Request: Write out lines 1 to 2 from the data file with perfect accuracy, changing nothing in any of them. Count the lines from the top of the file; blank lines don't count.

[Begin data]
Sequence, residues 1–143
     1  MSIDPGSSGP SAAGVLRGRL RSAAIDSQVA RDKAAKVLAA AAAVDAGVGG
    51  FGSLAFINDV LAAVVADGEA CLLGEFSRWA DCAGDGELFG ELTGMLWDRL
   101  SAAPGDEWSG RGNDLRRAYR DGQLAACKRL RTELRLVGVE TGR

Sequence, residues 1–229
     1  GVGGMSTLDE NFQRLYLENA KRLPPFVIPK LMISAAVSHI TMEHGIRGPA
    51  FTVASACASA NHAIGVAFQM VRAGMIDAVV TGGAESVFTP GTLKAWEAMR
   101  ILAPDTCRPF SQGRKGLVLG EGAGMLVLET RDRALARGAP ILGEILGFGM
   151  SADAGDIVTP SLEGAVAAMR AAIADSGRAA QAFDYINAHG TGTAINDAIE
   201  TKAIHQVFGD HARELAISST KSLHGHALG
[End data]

Sequence, residues 1–143
     1  MSIDPGSSGP SAAGVLRGRL RSAAIDSQVA RDKAAKVLAA AAAVDAGVGG